Fall Salmon Fall Off—2017

Salmon are a great fall fish in the Lake States, and they provide many hours of sport fishing for those fortunate enough to be within a day’s drive of the tributaries of the five lakes. But, the time has come, the walrus said, to speak of many things, why the sea is boiling hot and whether pigs have wings—and, oh yes, the end of the fall salmon season in the Lake States. It’s here, and the hangers-on–both fly fisher and fish—are seeing the rapid winding down of the fishing. Lately, it’s been the few remaining Cohos that are providing the action. As a quick aside, Cohos were the first exotic salmon stocked in the Great Lakes. Michigan stocked them first, in April of 1966, in the Platte River. From there it has exploded, and the fishery is certainly world-class.

My long-time fishing companion, John Beth, managed to get to the rivers on the west side of Lake Michigan, and found a couple of late Coho females. They were nasty dark color, but they fought with the energy of fresh ones. Cohos also take the fly with true zeal—that’s one of the things I love about them, whether fishing the Lake States, here in the Pacific Northwest, or Alaska.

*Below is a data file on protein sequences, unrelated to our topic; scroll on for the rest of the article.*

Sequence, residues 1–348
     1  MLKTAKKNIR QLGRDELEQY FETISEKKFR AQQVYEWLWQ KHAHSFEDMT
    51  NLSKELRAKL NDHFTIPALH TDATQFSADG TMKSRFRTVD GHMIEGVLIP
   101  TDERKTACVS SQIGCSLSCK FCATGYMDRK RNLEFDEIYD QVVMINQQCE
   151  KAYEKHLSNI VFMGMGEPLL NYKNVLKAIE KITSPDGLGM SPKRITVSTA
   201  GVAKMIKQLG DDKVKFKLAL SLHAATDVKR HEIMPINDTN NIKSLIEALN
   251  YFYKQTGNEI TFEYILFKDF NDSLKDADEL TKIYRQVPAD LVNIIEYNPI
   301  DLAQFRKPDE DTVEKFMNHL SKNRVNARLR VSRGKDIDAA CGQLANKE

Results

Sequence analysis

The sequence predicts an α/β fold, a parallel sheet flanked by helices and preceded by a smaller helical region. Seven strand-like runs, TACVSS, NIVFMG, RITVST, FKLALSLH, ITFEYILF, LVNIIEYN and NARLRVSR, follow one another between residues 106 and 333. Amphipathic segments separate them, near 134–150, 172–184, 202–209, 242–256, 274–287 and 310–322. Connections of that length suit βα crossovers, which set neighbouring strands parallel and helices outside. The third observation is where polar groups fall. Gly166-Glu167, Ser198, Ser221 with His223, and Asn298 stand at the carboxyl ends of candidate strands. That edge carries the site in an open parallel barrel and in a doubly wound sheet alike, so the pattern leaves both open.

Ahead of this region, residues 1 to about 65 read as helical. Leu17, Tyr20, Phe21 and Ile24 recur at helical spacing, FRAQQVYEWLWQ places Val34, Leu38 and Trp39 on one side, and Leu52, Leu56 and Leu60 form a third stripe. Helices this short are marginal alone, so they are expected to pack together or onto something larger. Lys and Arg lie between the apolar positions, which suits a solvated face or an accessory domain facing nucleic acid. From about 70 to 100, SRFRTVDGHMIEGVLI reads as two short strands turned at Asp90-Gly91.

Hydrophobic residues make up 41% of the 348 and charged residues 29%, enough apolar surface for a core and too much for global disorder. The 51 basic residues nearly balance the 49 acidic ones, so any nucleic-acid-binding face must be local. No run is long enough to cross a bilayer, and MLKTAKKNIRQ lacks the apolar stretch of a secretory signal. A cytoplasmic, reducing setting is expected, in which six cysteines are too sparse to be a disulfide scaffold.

Meanwhile, friend and bluesman, Keith Scott, was sampling the late Cohos on Michigan’s Platte River, and nailed a very nice older female.

Way to go guys—great way to close out the fall 2017 salmon season.

It’s not unusual for Cohos to get dark and nasty looking, but as you can see, this female has not even spawned yet. They are decidedly great fighters, too, and take the fly with true zeal.


Keith Scott, and another great, late season Coho female from Michigan’s Platte River (site of first Coho stocking in 1966); not the unspanned condition of this fish, too.

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